by David R. Henderson, Western Standard, November 20, 2008
Shortly after the U.S. government’s attack on Afghanistan in October 2001 (which, of course, followed the September 11 attacks on the United States), the Canadian government joined the United States, the United Kingdom, and other countries in an occupying coalition in Afghanistan. The first major wave of Canadian troops arrived in Afghanistan in February 2002. The Canadian troops’ major mission was to keep order in the Afghan capital of Kabul. At various times through these almost-seven years, the Canadian government has stated that it would remove its troops at a time certain in the near future. Then as the target date got closer, the government kept the troops there past their previous-stated deadline. On April 15, 2004, for example, then Prime Minister Paul Martin stated that Canada’s military presence in Afghanistan would end in the summer of 2005. But in February 2005, the Liberal government announced that it would actually increase Canada’s commitment of troops by the summer of 2005 from 600 to 1,200. Indeed, the troops were moved that summer from Kabul to the much-more-dangerous region of Kandahar. In May 2006, the newly elected Conservative government of Prime Minister Stephen Harper announced that the new pull-out date would be early 2009. Then, in March 2008, as the 2009 deadline approached, Parliament voted to extend its mission to 2011.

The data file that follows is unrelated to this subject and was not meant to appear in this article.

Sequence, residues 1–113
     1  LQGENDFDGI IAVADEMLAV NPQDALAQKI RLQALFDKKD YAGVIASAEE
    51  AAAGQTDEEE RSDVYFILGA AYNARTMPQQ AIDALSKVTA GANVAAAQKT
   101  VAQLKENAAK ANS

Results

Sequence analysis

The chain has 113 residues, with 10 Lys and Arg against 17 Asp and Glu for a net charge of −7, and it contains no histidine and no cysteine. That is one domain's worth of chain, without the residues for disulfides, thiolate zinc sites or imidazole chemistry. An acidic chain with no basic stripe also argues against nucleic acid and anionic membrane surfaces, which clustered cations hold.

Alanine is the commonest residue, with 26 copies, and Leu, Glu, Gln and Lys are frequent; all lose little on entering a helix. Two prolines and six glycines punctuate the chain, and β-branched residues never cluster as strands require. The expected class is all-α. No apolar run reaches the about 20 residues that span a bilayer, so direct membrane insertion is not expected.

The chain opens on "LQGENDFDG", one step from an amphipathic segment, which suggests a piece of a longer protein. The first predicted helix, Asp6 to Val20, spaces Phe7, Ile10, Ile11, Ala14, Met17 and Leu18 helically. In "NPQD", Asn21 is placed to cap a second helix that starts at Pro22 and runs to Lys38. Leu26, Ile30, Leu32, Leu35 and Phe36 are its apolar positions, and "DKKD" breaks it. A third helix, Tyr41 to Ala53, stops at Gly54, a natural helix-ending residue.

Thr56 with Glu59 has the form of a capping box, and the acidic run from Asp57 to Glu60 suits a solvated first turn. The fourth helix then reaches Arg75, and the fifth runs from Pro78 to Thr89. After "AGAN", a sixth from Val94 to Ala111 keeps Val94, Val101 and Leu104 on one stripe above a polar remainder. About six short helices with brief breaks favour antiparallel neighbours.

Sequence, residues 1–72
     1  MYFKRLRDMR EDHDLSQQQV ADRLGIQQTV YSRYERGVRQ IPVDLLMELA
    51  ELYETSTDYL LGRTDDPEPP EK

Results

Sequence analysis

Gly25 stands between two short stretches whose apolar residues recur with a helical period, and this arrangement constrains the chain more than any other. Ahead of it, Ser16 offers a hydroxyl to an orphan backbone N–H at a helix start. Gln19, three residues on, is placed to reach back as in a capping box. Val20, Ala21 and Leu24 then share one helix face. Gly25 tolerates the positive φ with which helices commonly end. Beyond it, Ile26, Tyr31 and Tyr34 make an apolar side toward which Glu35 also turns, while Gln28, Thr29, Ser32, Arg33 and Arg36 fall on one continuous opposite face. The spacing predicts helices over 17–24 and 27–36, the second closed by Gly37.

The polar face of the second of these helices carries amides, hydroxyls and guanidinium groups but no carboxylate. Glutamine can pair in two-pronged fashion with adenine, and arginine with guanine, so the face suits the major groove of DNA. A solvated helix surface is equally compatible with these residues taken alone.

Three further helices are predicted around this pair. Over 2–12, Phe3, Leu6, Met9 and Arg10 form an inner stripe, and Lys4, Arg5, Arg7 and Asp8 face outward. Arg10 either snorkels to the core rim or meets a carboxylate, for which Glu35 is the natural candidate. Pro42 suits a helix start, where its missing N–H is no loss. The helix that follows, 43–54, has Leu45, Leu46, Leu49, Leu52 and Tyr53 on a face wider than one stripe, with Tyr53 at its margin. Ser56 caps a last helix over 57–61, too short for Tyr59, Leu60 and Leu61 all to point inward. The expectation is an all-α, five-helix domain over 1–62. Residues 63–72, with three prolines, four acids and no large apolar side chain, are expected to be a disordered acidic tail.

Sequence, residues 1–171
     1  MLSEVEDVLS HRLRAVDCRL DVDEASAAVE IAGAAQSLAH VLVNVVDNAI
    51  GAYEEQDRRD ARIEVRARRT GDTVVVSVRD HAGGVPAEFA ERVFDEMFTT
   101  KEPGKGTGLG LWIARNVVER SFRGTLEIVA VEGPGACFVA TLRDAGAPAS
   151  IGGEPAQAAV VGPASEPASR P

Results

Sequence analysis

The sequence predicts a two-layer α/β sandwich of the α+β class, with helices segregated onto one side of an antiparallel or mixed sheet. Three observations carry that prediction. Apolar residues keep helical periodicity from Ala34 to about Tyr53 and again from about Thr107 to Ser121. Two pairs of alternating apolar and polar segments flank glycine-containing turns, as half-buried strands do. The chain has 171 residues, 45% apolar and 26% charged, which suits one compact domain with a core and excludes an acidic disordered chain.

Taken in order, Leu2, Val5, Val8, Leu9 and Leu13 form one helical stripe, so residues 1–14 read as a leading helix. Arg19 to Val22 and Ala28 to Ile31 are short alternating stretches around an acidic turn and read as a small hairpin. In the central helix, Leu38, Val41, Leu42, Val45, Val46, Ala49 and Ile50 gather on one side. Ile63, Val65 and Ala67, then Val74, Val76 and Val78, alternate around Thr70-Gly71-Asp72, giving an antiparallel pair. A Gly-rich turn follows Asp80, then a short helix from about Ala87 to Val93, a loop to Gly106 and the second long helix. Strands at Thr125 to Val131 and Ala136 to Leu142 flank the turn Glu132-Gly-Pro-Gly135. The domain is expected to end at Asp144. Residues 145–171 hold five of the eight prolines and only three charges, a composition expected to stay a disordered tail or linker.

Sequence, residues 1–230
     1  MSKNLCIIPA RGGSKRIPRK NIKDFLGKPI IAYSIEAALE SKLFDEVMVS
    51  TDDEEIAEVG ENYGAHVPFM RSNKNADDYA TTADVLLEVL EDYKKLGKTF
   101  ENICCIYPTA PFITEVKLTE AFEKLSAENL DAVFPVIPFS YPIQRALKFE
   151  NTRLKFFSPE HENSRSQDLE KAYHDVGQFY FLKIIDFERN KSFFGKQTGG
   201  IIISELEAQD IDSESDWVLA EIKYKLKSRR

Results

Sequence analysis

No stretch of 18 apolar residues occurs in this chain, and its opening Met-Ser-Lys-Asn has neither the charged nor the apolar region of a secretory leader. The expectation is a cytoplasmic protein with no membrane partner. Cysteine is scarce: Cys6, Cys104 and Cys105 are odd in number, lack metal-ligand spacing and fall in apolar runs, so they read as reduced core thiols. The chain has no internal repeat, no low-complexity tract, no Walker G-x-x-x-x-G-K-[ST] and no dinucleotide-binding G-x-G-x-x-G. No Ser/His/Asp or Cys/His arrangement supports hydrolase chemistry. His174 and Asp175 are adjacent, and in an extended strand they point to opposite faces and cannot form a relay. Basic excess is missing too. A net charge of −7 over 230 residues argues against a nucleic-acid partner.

The question arises, “Should Canada’s government remove its military presence from Afghanistan in 2011, remove it earlier, or keep it past 2011?” This question arises for other members of the occupying coalition besides Canada. To answer it, I propose that we step back and consider how good the case was for invading and occupying Afghanistan in the first place.
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